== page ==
The skunk is a shy, solitary animal but unafraid to make a big stink when necessary.
Tuesday evening, John McGinnis, maverick Republican candidate for the state House in the 79th District, stayed away from the Blair County Republican get-together at the Ramada Altoona Conference Center until victory was ensured, then arrived by himself.
McGinnis defeated Democratic challenger Richard Flarend 8,255 votes to 7,300 votes.
A little while later, McGinnis explained to reporters how his experience in the primary led to his alienation from the state House Republican Campaign Committee - foreshadowing the reform role he plans to play in Harrisburg.
"If I have to be the skunk at the party, I'll be the skunk," he told a reporter who asked how he felt about the likelihood he'll be an outsider in the House.
His fear is actually that he will be tempted to become an insider, he said.
He doesn't want to be: "I'm not pleased with the status quo," he said.
McGinnis said he opposes the pension plan, per diems and automatic raises and plans to work for term limits.
He said he detests the "disastrous" culture in which career lawmakers try to protect and grow areas of the budget for which they're responsible, increasing the burden on taxpayers.
And he detests the connections with special interests, he said.
McGinnis is for diminishing the need for the government to take taxpayers' money, and that is good for the people whose money is being taken, said Wilson Saguban, proprietor of Austin's Market in Altoona.
If people have more money to spend, it will boost the economy, whose lack of verve is apparent every month, when people have little to spend after paying their bills during the first couple days or weeks, Saguban said.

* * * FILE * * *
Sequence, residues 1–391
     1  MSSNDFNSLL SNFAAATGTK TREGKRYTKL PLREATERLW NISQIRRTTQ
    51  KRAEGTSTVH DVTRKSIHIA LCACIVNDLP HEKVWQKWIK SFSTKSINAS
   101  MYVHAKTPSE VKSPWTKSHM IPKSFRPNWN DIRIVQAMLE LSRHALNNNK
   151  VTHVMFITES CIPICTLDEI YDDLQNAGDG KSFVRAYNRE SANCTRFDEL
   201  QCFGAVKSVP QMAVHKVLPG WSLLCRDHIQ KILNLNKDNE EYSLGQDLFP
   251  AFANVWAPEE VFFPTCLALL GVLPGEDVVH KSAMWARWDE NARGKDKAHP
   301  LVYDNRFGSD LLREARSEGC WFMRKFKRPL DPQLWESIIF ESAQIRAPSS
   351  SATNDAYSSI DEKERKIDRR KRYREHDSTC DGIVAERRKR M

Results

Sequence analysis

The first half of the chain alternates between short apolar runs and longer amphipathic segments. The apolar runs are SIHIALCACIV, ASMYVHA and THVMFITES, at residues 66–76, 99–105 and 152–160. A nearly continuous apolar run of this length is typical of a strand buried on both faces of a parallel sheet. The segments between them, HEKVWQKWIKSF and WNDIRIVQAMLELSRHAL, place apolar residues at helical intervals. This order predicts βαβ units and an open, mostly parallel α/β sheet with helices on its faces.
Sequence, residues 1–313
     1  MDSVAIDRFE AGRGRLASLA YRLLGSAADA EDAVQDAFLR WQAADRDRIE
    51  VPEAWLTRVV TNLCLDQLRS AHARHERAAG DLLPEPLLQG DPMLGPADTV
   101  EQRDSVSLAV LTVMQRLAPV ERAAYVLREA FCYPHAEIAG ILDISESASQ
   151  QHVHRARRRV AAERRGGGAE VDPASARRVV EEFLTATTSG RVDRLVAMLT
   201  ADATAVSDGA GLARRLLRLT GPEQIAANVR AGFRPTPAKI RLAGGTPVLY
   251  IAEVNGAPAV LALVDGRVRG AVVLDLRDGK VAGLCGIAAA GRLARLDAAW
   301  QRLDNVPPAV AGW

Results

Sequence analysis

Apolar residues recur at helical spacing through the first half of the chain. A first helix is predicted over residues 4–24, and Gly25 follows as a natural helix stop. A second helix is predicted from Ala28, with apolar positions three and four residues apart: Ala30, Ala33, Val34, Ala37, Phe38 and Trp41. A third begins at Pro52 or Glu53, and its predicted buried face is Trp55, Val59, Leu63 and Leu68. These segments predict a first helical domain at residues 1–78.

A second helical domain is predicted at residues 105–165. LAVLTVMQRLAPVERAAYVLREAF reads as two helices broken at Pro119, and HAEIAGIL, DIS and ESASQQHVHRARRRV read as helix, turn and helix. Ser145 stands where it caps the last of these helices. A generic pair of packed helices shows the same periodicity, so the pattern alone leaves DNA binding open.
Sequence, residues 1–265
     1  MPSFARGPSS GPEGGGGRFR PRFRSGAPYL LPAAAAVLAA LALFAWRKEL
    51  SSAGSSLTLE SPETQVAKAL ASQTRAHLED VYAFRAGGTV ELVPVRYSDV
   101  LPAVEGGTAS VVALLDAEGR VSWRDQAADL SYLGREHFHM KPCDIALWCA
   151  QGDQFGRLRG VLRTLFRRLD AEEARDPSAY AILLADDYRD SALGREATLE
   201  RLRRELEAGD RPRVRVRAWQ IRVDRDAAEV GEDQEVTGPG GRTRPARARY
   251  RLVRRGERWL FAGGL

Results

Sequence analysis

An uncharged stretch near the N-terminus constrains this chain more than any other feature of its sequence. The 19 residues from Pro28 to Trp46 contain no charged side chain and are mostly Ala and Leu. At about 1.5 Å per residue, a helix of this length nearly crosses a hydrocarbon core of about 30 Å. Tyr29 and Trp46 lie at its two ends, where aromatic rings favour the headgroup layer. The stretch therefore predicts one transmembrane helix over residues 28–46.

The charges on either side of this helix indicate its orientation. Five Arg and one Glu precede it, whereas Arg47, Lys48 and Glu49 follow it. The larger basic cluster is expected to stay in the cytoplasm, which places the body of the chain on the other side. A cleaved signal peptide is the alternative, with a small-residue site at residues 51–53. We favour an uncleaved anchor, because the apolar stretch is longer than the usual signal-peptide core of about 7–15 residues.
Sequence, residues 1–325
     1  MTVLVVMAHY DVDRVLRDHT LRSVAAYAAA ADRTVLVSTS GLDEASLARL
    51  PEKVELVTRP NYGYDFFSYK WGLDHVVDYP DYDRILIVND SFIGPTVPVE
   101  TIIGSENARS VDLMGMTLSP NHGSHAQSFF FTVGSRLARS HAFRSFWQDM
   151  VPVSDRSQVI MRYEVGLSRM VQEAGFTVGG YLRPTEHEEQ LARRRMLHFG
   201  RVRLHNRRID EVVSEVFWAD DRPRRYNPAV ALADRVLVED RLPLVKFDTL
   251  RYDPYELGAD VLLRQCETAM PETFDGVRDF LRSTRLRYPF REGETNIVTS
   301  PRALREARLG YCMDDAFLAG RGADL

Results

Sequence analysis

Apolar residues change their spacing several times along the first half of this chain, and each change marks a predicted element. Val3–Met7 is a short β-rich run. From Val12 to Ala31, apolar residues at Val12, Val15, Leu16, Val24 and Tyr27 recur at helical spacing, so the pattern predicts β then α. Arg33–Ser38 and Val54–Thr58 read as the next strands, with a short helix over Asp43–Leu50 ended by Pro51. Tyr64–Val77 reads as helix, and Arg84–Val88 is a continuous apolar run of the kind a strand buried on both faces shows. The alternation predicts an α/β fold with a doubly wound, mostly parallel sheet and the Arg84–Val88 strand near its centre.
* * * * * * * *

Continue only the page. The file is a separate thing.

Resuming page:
McGinnis' libertarian insistence on personal responsibility will also be good - in ways that could include the lifting of barriers to hiring that keep some people convicted of drug offenses from getting jobs and making productive lives for themselves, Saguban said.
McGinnis' stance on principles was the right approach, compared to his opponent's advocacy of compromise, Saguban said.
That compromise could "sway" in whatever direction Flarend might have wanted, Saguban said.
By contrast, "if we start to get people like [McGinnis] in there, we can get the change we so desperately need," said Sue Nebgen of Riggles Gap, a McGinnis supporter.
The key to him is integrity, Nebgen said.
"What you see is what you get," she said.
Flarend said he did pretty well and ran a positive campaign.
"I knocked on 10,000 doors, nevertheless, it wasn't enough. But it is what it is," he said to his supporters gathered at the Swiss Club in Altoona.
His message was of government support for small businesses, public schools and building roads and bridges.
"Republicans are for those things," Blair County Democratic Chairman Frank Rosenhoover said.
Rosenhoover believes Flarend would have gained support of more Republican voters if they scrutinized the candidates closer.
"A significant number of Republican voters don't know about the candidates' platforms, so they vote for the Republican candidate. It's wrong," he said.
Republican registration far outweighs Democratic registration in Blair County.
"Republicans are backing McGinnis, who was originally the complete antithesis of their basic platform. He was a libertarian opposing government funding for everything but the military," Rosenhoover said.
At about 10 p.m., results from about 80 percent of precincts were in and his thoughts turned from "It's not looking good" to "I don't think we are going to win."
Flarend began writing notes for a thank-you speech to deliver to his supporters.
"I'm waiting a few more minutes for an update before I call McGinnis," he said.
In his speech, he announced that he lost Logan Township and that he knew he was going to lose the township.
"We weren't able to make up for it in the city, " he said.
Flarend said the toll the campaign had on his wife, Alice, and his two children was difficult.
"I don't want to put my family through that again," he said.